Heavy rains bring plenty pumpkins

A change in the weather pattern over the past few months has resulted in a surplus of pumpkins and a reduction in the yield of tomatoes.

Chief executive officer of the Barbados Agricultural Society (BAS), James Paul, said while pumpkin prices were falling, customers should expect to pay more for tomatoes.

Paul was speaking during a media briefing today.

James Paul, CEO of the BAS
James Paul, CEO of the BAS

“This year we did extremely well with the planting of pumpkins. The acreage was much higher then it was last year and what we are seeing now is that there is a huge amount of pumpkins on the market. What I would also like to do is encourage persons not to import any pumpkins at this time, because with the large amount of pumpkins in the market, the prices are actually extremely low and farmers would like to get them off as quickly as they can. Farmers are concerned about losing money and spoilage,” he said.

Paul reported that owing to the recent heavy rains, lettuce and watermelons had been impacted negatively, with some farmers reporting water damage to their watermelons.

“In respect of the other crops, crops such as tomatoes have been affected by the heavy rains because it would knock the blossoms off the leaves . . . . But we think if we can get good weather going into December, consumers should not have a problem,” the BAS official said.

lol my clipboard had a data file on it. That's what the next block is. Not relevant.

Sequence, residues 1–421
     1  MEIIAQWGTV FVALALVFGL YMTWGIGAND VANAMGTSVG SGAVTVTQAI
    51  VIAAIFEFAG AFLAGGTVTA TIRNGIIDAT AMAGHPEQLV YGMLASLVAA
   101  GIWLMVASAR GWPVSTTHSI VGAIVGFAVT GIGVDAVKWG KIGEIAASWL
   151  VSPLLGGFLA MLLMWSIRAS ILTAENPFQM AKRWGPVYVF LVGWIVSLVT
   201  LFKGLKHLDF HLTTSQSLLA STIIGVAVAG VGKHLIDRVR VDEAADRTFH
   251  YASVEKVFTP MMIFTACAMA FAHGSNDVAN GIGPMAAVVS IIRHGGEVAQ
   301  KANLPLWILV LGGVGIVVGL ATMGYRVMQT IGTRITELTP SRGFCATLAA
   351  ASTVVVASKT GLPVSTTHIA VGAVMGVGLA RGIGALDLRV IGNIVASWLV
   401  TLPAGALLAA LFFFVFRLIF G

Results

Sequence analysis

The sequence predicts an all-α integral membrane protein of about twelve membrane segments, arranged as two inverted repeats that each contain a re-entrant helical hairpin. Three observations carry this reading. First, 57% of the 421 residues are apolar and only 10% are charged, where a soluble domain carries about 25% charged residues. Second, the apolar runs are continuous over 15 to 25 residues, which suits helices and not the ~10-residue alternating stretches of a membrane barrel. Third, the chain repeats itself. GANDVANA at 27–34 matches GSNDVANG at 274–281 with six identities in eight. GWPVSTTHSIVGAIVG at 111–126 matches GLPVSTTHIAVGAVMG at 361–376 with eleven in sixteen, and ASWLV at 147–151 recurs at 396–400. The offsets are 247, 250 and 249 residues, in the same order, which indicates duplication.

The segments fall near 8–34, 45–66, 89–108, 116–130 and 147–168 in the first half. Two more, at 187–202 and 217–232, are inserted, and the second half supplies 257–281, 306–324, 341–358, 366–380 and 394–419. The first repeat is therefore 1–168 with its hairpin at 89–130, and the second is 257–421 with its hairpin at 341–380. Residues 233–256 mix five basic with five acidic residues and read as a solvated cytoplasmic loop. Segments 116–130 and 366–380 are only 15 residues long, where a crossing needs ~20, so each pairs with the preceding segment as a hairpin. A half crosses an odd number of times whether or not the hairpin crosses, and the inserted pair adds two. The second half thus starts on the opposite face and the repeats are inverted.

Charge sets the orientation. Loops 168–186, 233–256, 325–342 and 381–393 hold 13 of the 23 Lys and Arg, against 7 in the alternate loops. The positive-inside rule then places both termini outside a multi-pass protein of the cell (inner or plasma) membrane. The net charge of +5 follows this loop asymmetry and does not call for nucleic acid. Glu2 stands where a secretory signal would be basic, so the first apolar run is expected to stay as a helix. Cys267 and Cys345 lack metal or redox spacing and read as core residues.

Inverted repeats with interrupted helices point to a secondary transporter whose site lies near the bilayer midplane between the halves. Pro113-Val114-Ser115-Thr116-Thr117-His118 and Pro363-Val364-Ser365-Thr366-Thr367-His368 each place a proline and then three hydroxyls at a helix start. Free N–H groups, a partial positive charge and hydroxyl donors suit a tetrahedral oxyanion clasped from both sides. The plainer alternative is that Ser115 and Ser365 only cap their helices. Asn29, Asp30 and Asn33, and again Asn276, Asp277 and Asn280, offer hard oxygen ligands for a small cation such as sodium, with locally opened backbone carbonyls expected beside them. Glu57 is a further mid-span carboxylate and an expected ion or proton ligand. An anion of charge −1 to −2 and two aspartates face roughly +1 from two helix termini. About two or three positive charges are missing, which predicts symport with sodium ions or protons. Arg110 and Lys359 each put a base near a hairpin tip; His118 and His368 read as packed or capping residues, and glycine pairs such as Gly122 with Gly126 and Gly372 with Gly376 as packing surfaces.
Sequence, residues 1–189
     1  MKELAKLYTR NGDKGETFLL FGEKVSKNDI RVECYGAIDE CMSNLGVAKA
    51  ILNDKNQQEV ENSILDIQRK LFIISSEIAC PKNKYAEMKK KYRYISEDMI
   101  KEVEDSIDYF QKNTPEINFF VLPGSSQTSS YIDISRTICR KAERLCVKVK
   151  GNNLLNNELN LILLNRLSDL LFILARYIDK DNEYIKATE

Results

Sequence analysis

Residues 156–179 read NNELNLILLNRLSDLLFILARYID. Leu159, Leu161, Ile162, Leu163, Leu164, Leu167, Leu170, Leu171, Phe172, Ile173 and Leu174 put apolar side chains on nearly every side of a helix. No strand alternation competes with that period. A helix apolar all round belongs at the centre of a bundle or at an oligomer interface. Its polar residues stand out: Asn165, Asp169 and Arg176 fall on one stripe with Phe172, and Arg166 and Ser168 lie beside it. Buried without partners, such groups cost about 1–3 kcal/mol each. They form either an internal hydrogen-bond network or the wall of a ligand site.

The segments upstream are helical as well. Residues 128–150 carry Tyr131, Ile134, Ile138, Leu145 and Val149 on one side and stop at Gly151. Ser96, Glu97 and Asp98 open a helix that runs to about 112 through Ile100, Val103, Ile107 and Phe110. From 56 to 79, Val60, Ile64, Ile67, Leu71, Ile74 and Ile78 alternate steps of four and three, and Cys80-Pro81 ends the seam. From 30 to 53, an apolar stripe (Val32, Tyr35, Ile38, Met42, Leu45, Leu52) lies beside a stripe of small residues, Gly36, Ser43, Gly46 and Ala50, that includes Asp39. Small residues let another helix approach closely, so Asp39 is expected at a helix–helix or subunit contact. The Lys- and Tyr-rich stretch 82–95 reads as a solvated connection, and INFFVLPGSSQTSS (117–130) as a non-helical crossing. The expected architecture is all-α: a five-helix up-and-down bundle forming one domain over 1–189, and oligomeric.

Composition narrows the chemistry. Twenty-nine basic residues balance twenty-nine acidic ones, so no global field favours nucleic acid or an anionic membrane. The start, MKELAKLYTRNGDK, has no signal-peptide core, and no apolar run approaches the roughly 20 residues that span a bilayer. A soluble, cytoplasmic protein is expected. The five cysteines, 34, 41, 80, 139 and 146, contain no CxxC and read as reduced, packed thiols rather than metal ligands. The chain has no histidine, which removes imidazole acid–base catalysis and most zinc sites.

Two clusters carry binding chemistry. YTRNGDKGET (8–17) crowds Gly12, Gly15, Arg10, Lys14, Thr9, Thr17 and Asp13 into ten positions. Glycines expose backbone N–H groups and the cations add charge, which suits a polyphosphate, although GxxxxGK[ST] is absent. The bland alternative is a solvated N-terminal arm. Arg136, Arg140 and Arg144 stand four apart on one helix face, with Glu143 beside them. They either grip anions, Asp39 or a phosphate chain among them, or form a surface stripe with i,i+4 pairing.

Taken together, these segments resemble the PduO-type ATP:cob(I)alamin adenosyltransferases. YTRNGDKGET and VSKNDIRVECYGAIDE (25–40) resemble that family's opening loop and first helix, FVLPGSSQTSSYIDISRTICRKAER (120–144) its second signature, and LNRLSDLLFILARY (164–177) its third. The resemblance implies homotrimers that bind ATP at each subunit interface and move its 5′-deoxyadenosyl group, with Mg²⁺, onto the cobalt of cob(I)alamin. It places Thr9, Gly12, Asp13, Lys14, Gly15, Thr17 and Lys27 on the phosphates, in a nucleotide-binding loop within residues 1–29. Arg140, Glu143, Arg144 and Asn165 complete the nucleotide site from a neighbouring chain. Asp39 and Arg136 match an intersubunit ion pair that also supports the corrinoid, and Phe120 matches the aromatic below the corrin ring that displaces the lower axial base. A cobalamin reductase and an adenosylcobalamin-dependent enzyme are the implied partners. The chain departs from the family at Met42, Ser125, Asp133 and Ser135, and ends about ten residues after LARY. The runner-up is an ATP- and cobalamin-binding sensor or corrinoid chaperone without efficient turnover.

“We can anticipate an increase in prices in some cases because, with the fact that the fields will be muddy, post-harvest expenses are going to increase.”

James said the BAS had been monitoring the situation weekly and he was hoping that with good drainage and an improvement in the weather the situation would improve.

He said famers were being “consistent” with other products, including carrots and sweet potatoes, adding that there should be enough poultry and pork for the Christmas season, as more farmers, including people who became unemployed this year, had turned to raising those animals. James gave the assurance that the quality remained high.

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